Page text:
Because it is socially unacceptable to explicitly call for voter suppression, Republicans use the rhetoric of “voter fraud” instead.
As expected, Trump’s CPAC speech doubled down on the big lie that the election was stolen from him — and then some. Aaron Rupar tallies up at least five different ways he told this lie, which drew at least one standing ovation.
But embedded in that big lie was an unintentional truth. It was revealed when Trump uncorked an extended riff suggesting that the GOP’s future prospects depend on what he called “election reforms.”
“Another one of the most urgent issues facing the Republican Party is that of ensuring fair, honest, and secure elections,” Trump declared. “We must pass comprehensive election reforms, and we must do it now.”
By “election reforms,” Trump actually meant a redoubled commitment to making it harder to vote. We know this, because he said so: He went on to declare that Democrats had used the “China virus” as an “excuse” to make vote-by-mail easier.
“We can never let that happen again,” Trump said. “We need election integrity and election reform immediately. Republicans should be the party of honest elections.”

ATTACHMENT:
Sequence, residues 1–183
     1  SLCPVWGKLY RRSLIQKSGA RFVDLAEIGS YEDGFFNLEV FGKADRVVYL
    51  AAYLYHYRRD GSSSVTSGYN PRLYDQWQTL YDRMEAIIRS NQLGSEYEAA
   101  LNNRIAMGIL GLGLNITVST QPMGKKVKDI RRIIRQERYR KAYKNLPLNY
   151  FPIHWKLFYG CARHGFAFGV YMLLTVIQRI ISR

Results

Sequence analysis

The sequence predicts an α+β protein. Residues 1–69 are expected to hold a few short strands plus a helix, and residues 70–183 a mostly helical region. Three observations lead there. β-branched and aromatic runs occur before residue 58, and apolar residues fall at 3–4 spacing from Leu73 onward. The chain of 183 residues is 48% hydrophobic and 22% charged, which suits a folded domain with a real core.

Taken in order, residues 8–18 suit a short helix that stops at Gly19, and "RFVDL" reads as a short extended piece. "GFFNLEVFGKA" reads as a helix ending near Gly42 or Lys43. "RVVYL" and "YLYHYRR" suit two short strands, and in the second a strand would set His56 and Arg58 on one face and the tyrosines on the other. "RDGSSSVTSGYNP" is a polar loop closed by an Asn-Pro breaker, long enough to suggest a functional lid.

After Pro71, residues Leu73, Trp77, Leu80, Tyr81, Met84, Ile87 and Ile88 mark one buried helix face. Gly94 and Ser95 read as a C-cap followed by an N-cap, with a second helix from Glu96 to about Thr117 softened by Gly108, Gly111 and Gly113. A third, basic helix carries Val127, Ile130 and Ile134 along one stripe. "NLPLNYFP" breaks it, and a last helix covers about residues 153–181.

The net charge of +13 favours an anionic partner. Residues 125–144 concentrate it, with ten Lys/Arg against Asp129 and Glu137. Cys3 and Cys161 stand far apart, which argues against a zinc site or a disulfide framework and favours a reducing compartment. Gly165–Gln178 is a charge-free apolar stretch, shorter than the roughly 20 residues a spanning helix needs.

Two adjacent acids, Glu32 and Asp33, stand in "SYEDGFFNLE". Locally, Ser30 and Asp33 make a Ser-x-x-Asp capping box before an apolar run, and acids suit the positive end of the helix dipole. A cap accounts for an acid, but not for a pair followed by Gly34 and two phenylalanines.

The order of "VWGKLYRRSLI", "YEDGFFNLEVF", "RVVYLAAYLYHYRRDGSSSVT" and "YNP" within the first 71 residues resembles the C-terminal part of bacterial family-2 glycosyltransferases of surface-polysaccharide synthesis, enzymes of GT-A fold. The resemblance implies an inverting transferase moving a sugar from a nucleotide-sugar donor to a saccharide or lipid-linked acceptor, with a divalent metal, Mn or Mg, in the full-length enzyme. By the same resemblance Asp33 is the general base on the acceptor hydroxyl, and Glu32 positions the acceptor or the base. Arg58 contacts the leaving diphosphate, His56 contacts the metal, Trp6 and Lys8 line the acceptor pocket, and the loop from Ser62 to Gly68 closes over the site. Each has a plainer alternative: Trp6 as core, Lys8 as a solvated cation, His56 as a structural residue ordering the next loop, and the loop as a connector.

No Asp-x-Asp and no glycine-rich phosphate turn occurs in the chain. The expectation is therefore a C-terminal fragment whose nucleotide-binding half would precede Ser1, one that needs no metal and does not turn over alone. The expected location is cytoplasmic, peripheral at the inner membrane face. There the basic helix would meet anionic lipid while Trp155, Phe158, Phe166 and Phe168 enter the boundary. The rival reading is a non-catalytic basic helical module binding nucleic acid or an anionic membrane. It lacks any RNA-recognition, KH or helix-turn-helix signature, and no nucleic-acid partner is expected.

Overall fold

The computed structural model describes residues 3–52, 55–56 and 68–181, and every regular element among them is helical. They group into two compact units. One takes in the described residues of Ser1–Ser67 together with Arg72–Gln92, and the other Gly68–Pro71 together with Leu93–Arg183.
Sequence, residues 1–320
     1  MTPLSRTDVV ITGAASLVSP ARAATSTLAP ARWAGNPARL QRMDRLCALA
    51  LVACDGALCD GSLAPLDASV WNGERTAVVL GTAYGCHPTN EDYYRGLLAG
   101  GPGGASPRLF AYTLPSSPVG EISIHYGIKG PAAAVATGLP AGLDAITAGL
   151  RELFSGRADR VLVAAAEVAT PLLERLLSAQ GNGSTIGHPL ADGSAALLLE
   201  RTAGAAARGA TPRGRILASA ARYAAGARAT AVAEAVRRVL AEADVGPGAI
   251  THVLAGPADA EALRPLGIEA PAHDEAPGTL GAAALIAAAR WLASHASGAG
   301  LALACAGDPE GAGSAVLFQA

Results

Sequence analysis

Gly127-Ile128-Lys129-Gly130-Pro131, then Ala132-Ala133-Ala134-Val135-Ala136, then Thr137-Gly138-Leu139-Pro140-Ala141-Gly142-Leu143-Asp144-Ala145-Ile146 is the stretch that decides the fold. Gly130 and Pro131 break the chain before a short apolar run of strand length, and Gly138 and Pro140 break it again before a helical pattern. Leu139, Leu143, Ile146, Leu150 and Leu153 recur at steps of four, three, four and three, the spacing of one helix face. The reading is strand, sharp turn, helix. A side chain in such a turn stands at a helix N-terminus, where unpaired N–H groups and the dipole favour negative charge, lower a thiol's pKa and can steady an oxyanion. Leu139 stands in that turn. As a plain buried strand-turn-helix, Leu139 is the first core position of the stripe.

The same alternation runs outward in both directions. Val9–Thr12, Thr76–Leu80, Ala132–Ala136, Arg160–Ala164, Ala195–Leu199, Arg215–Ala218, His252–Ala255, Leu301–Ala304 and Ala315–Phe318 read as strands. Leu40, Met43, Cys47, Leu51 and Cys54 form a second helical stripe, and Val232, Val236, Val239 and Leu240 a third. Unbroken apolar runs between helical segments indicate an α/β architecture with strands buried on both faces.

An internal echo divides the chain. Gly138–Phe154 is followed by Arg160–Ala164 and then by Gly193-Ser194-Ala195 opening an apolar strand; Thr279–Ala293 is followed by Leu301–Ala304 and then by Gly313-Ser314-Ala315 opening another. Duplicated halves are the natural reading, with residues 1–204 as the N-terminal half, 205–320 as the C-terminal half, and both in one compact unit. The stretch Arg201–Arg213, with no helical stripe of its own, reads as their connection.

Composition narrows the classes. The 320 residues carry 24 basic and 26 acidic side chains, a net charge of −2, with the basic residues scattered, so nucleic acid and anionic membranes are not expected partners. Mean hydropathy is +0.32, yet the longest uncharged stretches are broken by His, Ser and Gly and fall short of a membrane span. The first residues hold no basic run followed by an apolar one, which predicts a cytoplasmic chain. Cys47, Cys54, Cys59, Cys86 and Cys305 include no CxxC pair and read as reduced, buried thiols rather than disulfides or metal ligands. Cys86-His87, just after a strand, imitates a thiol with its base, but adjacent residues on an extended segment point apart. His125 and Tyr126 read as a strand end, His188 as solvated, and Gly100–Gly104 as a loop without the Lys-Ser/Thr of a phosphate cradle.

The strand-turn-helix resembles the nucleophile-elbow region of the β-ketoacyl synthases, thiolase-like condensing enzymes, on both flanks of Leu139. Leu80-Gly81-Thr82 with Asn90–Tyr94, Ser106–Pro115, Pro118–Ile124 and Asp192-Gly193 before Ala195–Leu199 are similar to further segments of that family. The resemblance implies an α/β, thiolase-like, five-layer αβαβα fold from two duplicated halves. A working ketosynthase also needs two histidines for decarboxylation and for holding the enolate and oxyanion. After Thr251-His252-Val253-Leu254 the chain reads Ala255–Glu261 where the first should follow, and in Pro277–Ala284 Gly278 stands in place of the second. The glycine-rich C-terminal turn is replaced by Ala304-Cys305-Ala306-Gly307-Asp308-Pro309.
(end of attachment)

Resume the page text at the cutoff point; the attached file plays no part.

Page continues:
This is absurd (GOP legislatures also facilitated vote-by-mail) and full of lies (the election’s legitimacy was upheld in dozens of courts). But that doesn’t change its underlying meaning, which is unambiguous: Trump lost because voting wasn’t hard enough; Republicans must push as forcefully as possible in the opposite direction; this is “urgent.”
The rub of the matter is that all across the country, Republicans are acting on exactly this reading of the situation.
In a good piece, the New York Times reports on the extraordinary new barrage of efforts by GOP lawmakers to make voting harder in many states. These include sharp cuts to early voting; restricting vote-by-mail in numerous ways; and in the most extreme cases, proposals to allow state legislatures to appoint presidential electors in defiance of the state’s popular vote.
Meanwhile, in numerous states, Republicans are gearing up to use this year’s decennial redrawing of electoral maps to entrench extreme gerrymanders. They have openly declared that this will help them win back the House in 2022, and some experts believe redrawn maps might ensure that this happens even if Democrats again win the national House popular vote.
Crucially, these efforts are increasingly animated by the same lie about the election’s illegitimacy that Trump told at CPAC. As the Times reports, they are “led by loyalists who embrace” Trump’s “baseless claims of a stolen election.”
In other words, Republicans are widely acting upon this lie as their excuse to continue entrenching anti-democratic and anti-majoritarian advantages wherever possible.